_
_
_
_
_
CHRISTIANITY
Opinion
Text in which the author defends ideas and reaches conclusions based on his / her interpretation of facts and data

The New Testament apocrypha make a comeback of sorts

Pope Francis’s recent actions are sparking renewed interest in writings by early Christians that emphasize the importance of women in the Church

Pope Francis at the Vatican (file photo).
Pope Francis at the Vatican (file photo).Alessandra Tarantino (AP/Pool)

The Roman Catholic Church recently concluded a historic session of the Synod of Bishops which, for the first time, included women empowered to vote. A few months earlier, Frederico Lourenco (University of Coimbra, Portugal) published Evangelhos apócrifos (The Apocryphyal Gospels), a book about writings by early Christians that give accounts of Jesus and his teachings. Called the apocrypha, some of these writings were cited as scripture by early Christians, but a widespread consensus emerged in the 5th century AD limiting the New Testament to the 27 books of the modern canon. The Synod of Bishops convened by Pope Francis addressed once-taboo topics in the Church, including women’s participation in ecclesiastical hierarchy, mandatory celibacy of priests and sexual diversity. Pope Francis has placed significant emphasis on this Synod, which will be held in two sessions one year apart. The first session just concluded and the second session is scheduled for October 2024.

Without a doubt, this Synod marks a break from the traditional conservatism of the Roman Catholic Church, and Pope Francis has openly said he wants to “end Vatican centralism and papal courtiers.” For the first time in Christian history, the role of women in the Roman Catholic Church has gained prominence, with 54 participating in the Synod’s decision-making. To symbolize the spirit of renewal in the Church, the Pope invited 19-year-old Wyalt Olivas, an American university student, to attend.

Interestingly, the new topics discussed in the Synod regarding the active presence of women in the Church have sparked interest in its own origins. The Bible has many examples of women who played prominent roles in the Church, and several, like Mary Magdalene, also appear in the Dead Sea Scrolls (also called the Gnostic Gospels). This collection of early Christian texts discovered in 1945 describe religious ideas and systems in the late 1st century AD among Jewish and early Christian sects.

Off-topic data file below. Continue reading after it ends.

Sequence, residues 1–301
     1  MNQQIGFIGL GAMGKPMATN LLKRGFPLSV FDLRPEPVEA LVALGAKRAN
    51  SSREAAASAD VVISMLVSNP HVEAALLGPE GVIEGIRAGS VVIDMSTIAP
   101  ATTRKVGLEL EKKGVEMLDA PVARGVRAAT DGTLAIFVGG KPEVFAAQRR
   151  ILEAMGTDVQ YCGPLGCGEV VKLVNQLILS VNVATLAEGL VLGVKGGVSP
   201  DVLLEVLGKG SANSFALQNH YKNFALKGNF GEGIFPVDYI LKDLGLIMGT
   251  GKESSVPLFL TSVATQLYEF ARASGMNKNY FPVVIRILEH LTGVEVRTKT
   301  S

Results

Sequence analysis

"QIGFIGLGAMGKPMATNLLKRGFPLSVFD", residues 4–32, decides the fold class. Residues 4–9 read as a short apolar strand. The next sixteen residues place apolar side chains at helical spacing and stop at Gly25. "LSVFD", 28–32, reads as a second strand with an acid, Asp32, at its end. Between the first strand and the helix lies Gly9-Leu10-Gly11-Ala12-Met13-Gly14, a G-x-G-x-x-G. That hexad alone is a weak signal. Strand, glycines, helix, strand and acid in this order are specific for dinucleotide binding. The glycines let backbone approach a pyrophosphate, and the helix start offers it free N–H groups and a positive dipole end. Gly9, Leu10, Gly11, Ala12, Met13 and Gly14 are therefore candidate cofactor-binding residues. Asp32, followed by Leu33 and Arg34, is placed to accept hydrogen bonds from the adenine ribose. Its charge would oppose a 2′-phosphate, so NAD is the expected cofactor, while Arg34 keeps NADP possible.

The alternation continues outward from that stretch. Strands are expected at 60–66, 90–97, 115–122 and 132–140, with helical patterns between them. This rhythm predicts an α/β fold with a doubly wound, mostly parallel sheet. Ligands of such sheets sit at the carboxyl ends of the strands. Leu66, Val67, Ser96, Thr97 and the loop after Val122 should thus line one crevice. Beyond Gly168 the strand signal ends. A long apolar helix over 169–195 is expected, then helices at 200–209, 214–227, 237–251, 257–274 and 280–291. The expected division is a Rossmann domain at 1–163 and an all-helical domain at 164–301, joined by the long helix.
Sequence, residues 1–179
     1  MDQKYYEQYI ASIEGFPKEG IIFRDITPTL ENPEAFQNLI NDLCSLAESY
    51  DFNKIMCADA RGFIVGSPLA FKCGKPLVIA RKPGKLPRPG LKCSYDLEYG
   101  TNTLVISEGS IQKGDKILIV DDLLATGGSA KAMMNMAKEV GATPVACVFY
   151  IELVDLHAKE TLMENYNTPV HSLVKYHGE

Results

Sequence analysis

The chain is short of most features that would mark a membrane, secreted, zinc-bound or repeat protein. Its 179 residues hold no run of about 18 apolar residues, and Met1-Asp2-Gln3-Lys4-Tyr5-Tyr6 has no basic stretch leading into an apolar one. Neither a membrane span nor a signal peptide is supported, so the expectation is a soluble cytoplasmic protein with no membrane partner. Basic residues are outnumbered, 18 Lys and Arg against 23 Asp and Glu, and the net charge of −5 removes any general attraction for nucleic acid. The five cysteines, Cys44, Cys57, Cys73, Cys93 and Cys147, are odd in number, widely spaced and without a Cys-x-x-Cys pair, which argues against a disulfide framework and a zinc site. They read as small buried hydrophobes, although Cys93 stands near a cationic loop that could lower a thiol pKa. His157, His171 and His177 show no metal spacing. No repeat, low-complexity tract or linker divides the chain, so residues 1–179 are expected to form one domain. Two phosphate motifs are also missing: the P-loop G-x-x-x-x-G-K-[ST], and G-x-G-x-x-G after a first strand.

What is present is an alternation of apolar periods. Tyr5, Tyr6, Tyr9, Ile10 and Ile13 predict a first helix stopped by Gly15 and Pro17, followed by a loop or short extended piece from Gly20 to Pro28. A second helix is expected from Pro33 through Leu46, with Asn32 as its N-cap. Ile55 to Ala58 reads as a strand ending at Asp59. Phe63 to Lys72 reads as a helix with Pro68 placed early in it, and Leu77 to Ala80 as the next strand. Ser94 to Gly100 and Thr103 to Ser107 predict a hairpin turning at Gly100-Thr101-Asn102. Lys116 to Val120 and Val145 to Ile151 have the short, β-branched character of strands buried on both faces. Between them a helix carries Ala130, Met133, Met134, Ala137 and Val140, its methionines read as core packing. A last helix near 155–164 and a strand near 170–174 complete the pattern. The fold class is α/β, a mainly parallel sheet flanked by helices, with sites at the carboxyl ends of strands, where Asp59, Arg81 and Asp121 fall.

Pope Francis’s transformative vision (he initially preferred to be known as Bishop of Rome), is prompting a reevaluation of Catholicism’s perspective on the canonical New Testament Gospels of Matthew, Mark, Luke and John. First-century Christians had to contend with dozens of “Gospel” writings that emerged after the death and resurrection of Jesus Christ. Many were deemed apocryphal — of dubious veracity — and declared false centuries later. One such text was called the “Gospel of Mary Magdalene,” the woman to whom Jesus first appeared on the day of his resurrection.

Interestingly, this Gnostic text ascribed to Mary Magdalene is gaining renewed attention these days. The text describes the Apostle Peter asking Mary to share any special teaching by the Savior that only she received. It also contained a passage describing Jesus kissing Mary Magdalene on the mouth, which greatly concerned the Roman Catholic Church, although a kiss on the mouth in Gnostic doctrine represents the transmission of doctrine, not a physical kiss. It’s interesting to how the four Gospels came to be recognized as divinely inspired and included in the Bible, while many other religious and spiritual texts in early Christianity were excluded.